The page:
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Feeling Safe in Rehab: Why It’s Important and Questions to Ask When Thinking about Treatment

There’s no question that you need treatment if you struggle with alcohol or drug abuse. This doesn’t mean that you don’t have the right to feel nervous or unsure about rehab. Even if you’re just considering an outpatient program, during which you return home each day, it’s normal to have questions about your safety and security and whether your personhood will be respected. Feeling safe in rehab is critical not only to the success of your treatment and long-term recovery but also to your peace of mind. Here are some things you can do to ensure you’re going to a safe and supportive rehab center and why it’s important.

The Importance of Feeling Safe in Rehab

When a person is battling alcohol or drug abuse, especially when it escalates to the point of addiction, they’re often the most vulnerable they’re ever likely to be, both physically and emotionally. The reality is that many people who are new to treatment are looking for an excuse to leave because it’s a new and uncomfortable experience, and they’ll do just about anything to escape their withdrawal symptoms.

It’s important that the rehab center you or your loved one chooses offers security, safety, and clinical expertise to make you feel comfortable. When a person makes the courageous and proactive decision to seek treatment, they deserve to feel validated, protected, and taken care of, first and foremost.

What Can Prevent People from Embracing Rehab?

Literally everything. When a person enters treatment, they’re usually bringing a collection of traumatic experiences from their active use that they need help for, as well. This could be anything from family bickering and judgment to sexual assault, job loss, death of their friends from an overdose, severe withdrawal episodes, homelessness, or anything else. The places where substance abuse takes people can cause them to lose their trust in others and look at the world like a place that’s out to get them or take advantage of them.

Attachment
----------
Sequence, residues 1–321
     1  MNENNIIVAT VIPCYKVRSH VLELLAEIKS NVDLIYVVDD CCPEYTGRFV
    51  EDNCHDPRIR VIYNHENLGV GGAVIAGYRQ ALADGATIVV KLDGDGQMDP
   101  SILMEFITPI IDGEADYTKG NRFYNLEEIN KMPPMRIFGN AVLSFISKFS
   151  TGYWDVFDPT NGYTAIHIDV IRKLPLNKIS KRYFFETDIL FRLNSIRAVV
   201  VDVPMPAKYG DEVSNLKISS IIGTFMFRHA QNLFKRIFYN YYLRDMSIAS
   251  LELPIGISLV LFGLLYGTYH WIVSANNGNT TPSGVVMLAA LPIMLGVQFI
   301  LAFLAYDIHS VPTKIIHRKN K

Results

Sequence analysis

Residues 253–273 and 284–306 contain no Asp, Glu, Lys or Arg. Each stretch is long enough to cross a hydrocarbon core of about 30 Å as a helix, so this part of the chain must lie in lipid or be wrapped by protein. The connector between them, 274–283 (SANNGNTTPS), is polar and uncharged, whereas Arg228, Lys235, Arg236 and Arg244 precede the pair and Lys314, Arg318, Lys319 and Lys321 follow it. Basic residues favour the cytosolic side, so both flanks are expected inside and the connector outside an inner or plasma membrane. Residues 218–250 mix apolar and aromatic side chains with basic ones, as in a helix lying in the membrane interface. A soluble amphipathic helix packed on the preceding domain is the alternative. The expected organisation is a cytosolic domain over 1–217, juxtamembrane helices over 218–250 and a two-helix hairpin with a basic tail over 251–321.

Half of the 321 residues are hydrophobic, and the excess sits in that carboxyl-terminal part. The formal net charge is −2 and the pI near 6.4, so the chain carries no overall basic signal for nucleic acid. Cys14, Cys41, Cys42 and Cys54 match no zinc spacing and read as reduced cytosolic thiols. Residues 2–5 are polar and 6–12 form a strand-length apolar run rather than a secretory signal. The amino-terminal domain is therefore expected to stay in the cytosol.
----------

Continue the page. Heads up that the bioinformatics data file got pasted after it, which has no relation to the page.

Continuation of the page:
Data from Massachusetts General Hospital indicates that some of the primary reasons why patients battling substance use disorder (SUD) “AMA” (leave care against medical advice) are:

Although these findings included exclusively hospital-based patients, it’s easy for patients to feel less safe in rehab if these needs and factors aren’t addressed.

The reality is, however, that you or your loved one will have your own reasons for not immediately feeling safe in rehab. Perhaps you had a difficult or traumatic experience with someone of the opposite sex, and you’re having trust issues associated with that experience; perhaps you’re a member of the LGBTQ+ community, and you’ve been marginalized abused because of your identity; perhaps someone in a position of authority took advantage of you; your family abandoned you, or your last rehab experience wasn’t safe.

No matter what the case may be, it’s important that the rehab center you choose can carefully and effectively navigate these experiences to provide the right level of safety and care.

How Can You Feel Safer in Alcohol or Drug Rehab?

This often starts with a conversation. Call the rehab center you’re considering and tell an admissions representative about your or your loved one’s safety concerns. Ask them questions such as:

  • Do you offer medical detox to help me through withdrawal?
  • Is there security on-premises?
  • Is your facility certified and accredited?
  • Are there doctors and nurses on staff?
  • Do you offer trauma-informed therapy?
  • Are the residences safe and secure?
  • Do you cater to specific dietary preferences?

Rehab is designed to be a safe space where you can confront the difficult elements of your life that have led to substance use.

Rehab Should Always be Safe, But It’s Not Always Easy

Rehab is hard work. It can be emotionally and physically draining, and there will be days when you’re reluctant and downright resistant to continue. While you have every right to an expectation of safety and security, the process of rehab and ongoing recovery is hard work. Recovery Unplugged offers every clinical and therapeutic resource and accommodation to help you or your loved one feel safe. We use a universal connection with music to help our clients build trust and establish comfort with their treatment.

Our clinicians, therapists, and support staff work hard to build lasting relationships throughout your recovery. When you come to Recovery Unplugged, you’re more than a client; you’re family. Contact us today to start your treatment.

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